Fight or Flight… What About Respond?

It’s human nature to take the path of either fight or flight when faced with perilous situations. On the most basic level, when attacked by let’s say a mountain lion, our basic instincts will tell us to choose between fight or flight. The same can be said for smaller scale confrontations, i.e. in the workplace. In a communication exchange, it’s common for one party to react defensively when confronted, spouting off responses (fight) before thinking it through. Another common exchange results in individuals shutting down completely (flight), avoiding the chance to communicate their thoughts or feelings. Fight or flight. But there is a third, more effective approach – learning to respond with patience, coherency, and empathy.


Exercising patience and good judgment are both key factors in crafting a positive response during a communication exchange, particularly during an emotionally charged one. By taking a few seconds to think through your response, you can avoid escalating the situation. Take a few seconds, a breath, or a step back before reacting. Listen to what is being said, process that information, and move forward with the intent to find a solution that works for all parties. By thinking rationally and avoiding the temptation to respond reactively, you’ll greatly improve your chances for a positive outcome.


Once you’ve taken a step back from the confrontation at hand, it’s also wise to think with a sense of coherency, good sense, and understandability. What are the needs of the person you are communicating with? What are they trying to achieve? Once you have a strong understanding of what’s being communicated, you can take the steps towards resolution by acting with sense rather than reacting from a place of revenge or bruised egos. Avoid the temptation to react (fight) and instead make a concerted effort to understand and work towards a positive outcome. Don’t fight or flight…respond with intention.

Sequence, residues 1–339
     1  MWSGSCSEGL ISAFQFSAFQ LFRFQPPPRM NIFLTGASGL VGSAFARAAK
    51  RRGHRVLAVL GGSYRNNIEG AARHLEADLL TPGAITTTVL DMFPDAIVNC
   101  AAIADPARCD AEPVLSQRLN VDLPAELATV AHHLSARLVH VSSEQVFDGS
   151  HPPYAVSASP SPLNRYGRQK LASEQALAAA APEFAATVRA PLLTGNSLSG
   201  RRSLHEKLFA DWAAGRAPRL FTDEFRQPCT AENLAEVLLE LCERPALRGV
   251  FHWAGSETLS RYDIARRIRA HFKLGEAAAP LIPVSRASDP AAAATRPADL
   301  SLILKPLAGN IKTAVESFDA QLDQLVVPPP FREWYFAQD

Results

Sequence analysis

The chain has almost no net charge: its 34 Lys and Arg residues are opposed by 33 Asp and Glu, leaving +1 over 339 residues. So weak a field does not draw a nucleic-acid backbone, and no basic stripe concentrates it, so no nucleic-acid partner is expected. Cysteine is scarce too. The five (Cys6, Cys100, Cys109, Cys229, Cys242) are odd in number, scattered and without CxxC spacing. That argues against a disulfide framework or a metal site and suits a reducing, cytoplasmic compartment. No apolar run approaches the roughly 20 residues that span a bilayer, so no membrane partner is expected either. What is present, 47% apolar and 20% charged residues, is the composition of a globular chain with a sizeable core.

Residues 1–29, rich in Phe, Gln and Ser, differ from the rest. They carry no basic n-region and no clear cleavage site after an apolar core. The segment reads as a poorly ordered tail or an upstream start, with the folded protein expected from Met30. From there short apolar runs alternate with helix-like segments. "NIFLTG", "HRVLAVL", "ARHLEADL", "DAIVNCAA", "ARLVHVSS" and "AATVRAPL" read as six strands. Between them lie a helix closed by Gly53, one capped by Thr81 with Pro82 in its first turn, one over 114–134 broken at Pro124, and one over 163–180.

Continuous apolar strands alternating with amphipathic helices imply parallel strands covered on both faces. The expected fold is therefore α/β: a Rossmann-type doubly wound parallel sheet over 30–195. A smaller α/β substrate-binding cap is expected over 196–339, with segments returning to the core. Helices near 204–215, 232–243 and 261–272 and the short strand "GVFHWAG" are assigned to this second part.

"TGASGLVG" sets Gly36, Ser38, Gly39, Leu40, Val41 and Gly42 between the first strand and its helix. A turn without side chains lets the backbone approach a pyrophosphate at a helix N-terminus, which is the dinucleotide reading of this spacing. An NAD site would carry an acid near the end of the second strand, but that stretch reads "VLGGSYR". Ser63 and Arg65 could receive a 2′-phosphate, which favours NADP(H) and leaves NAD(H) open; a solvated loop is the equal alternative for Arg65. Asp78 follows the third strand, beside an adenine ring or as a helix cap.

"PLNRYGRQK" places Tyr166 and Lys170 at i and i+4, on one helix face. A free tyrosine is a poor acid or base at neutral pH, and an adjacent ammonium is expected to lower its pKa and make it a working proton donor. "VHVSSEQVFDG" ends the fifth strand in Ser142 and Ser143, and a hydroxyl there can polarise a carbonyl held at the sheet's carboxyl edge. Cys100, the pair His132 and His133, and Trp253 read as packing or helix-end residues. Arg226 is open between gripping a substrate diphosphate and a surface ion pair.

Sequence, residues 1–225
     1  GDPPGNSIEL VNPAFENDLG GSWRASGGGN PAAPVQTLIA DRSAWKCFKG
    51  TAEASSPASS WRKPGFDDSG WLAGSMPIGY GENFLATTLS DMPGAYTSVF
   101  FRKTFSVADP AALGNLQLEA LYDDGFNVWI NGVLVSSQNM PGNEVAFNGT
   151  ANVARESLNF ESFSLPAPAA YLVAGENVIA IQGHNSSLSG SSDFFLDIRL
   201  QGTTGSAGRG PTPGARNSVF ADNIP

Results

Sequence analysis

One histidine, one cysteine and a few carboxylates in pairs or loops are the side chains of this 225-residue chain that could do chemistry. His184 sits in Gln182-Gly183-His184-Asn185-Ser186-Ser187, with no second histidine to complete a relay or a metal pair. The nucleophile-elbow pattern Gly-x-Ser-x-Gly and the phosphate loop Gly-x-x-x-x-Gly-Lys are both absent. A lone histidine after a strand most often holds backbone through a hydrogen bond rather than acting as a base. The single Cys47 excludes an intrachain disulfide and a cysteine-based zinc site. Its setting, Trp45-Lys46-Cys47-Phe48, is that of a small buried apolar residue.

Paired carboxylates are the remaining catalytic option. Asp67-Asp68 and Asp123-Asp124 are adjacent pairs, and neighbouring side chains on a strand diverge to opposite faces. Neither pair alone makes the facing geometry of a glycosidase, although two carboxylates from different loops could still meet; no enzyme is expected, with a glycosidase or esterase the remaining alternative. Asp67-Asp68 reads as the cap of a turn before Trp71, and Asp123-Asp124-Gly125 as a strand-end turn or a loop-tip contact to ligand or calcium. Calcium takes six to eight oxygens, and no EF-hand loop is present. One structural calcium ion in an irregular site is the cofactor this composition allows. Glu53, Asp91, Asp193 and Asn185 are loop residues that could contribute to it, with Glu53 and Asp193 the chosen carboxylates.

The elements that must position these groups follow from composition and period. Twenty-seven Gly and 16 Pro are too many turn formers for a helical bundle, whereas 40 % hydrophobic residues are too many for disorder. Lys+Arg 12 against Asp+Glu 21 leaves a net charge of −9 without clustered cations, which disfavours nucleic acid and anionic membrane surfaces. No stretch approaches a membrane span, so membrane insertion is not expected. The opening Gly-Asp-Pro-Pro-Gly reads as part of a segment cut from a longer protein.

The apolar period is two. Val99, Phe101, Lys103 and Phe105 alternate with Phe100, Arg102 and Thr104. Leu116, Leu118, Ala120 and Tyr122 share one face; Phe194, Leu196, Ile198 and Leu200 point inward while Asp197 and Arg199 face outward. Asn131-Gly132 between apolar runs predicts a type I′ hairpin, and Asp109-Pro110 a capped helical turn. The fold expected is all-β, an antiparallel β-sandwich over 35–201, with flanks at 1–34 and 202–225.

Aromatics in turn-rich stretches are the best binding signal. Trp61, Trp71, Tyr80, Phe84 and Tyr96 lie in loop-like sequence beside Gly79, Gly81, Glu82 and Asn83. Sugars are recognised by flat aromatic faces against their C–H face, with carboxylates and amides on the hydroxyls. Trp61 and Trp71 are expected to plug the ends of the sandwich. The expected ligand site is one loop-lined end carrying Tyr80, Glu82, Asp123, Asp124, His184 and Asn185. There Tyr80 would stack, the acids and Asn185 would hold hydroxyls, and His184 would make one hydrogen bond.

It’s easy to take the defensive or to automatically turn your thoughts inward to your own self and your own thoughts, but a great way to avoid escalating conflict is by considering BOTH sides of the issue. Listen. Tap into the feelings of others. Respond compassionately. Oftentimes, negative communication can stem from issues that might not even be related to the topic at hand. If a coworker or employee is visibly upset, compassionately ask them to explain what is going on. By exercising empathy and compassion, you’re avoiding both fight and flight by responding with care. The outcome can be tremendous to not only on the communication exchange but to your work relationship as a whole.

Conflict happens. We can work to minimize conflict, but more importantly, we can practice key ways to neutralize conflict as it arises. Communication exchanges can escalate quickly when cool heads don’t prevail. Before choosing fight or flight, take the time to listen and respond with patience, coherency, and empathy. Avoid the urge to immediately react and instead, respond with the intention of creating a positive exchange.

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